If the Austria team didn’t know the name Demi Vance before last October, it only took one swing of her sweet left foot for them to have it indelibly lodged in their minds.
Vance’s stunning free-kick put Northern Ireland ahead against the Austrians in a World Cup qualifier at Seaview when Kenny Shiels’ team scared the life out of the Euro 2017 Semi-Finalists.
An injury-time equaliser broke home hearts and the pain of that result — which the players said felt like a defeat — is part of the motivation before the teams meet again at the Women’s Euro 2022 Finals tomorrow night.
Bigger than that, though, is the belief that they are taking from not only the result, but the performance.
Coming so close to defeating a team that was only a penalty shoot-out away from reaching the Final in the last version of this tournament will drive the Northern Ireland players, who know that only a victory will keep them alive in this one.
Adding another layer is the frustration over how the return game in April ran away so quickly, when Austria hit three goals inside eight second-half minutes, just when the girls in green were posing a threat.
“We are no stranger to Austria, we have played them twice in the last year and both teams know how the other plays — we know how they play and they know how we play,” says Vance.
“I think we have a couple of mistakes to fix and we are ready to go out and fix them.
“We have said that the Austria game at home when we drew 2-2 was probably the hardest result that we have had to take.
“When we went to Austria, we know that we under-performed in the first half and in the second half we believe that we were the better team.
“We have learned from our mistakes, and tournament football... anything can happen and we are ready for the game.”
Linked to the inner belief that they can put their stamp on this tournament is the encouragement that the Northern Ireland players are taking from certain aspects of their performance despite losing 4-1 to Norway in their opening game on Thursday night.
Shiels picked an adventurous team and they were very much on the front foot early in the game before the double-whammy of conceding goals in the 10th and 13th minutes. A penalty after half an hour only added to that agony.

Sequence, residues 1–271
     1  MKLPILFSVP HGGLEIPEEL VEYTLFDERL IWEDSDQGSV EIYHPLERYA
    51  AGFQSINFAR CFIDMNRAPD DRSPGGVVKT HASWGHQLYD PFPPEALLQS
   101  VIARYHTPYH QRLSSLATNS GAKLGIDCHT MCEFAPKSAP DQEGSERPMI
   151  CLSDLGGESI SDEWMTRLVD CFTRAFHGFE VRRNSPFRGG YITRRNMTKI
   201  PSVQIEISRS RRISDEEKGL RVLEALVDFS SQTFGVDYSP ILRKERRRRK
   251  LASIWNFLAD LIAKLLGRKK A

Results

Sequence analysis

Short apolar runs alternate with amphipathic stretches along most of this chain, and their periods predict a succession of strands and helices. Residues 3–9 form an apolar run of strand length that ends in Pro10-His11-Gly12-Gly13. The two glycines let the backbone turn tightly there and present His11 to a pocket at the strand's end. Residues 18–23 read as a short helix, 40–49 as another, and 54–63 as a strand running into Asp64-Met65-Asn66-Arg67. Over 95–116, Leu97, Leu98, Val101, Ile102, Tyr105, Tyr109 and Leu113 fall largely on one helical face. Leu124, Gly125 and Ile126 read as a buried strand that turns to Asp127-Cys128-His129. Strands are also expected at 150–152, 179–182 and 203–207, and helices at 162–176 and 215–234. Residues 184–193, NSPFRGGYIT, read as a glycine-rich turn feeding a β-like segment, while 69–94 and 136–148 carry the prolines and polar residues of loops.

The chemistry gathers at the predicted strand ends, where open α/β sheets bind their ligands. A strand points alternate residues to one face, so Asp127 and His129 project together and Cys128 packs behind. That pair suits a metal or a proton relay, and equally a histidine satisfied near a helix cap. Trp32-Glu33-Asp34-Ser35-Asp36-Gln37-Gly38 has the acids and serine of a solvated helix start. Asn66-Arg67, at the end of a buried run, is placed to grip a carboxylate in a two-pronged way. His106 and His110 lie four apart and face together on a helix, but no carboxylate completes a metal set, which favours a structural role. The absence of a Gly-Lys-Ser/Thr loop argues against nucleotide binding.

Vance lifted the lid just slightly on what was behind their second-half revival, which gained great momentum when Julie Nelson netted the country’s first goal at a major women’s tournament, and for a few minutes, as they drove forward and Lauren Wade had a strike on goal, it looked like Northern Ireland might worry the Norwegians.
It was nothing to do with a key tactical change or any on-field switches, but rather a few home truths from Shiels and a reminder that there was no need for the nerves they showed early in the game.
“Have you ever been in a half-time team talk with Kenny or Dean (Shiels, Kenny’s son and assistant manager) — or both of them at the same time?,” she asks with a raised eyebrow.
“Sometimes you just need a good talking to at half-time and we regroup together as a team and then we go out and put the confidence back in ourselves and if we have a good five or 10 minutes in the second half, it really carries us through.
“We scored the goal and we felt like a different team in the second half.
“When we got that goal, it was just what we needed in terms of that bit of confidence and I think it showed. We pushed, we stole the ball off them a few times and I think we were better in possession than we were in the first half.
“I think that is what we need to take into the Austria game.”
Belief is very much at the core of this team.
It has taken them so far and now they are leaning on that to take them a step further.
Looking back too, though, after previous heavy defeats — twice against Norway and then most notably against England last October when Austria came up next — Northern Ireland have reacted strongly and positively.
The follow-up results in those particular double-headers were all draws and if they can somehow summon that same spirit again then they can go into Friday’s final group game against England with something riding on it.
“Kenny and Dean put the belief in us and they trust us with the way that they want to play and we trust them,” explains Vance.
“That’s the belief that they have given us.
“Every time that we play a game, whether it is a win or a defeat, we analyse it and we go through all the mistakes that we have made and we go out onto the training ground and we try to put things right.
“I think it shows because each time we come back we are more confident on the ball and we are playing better football.”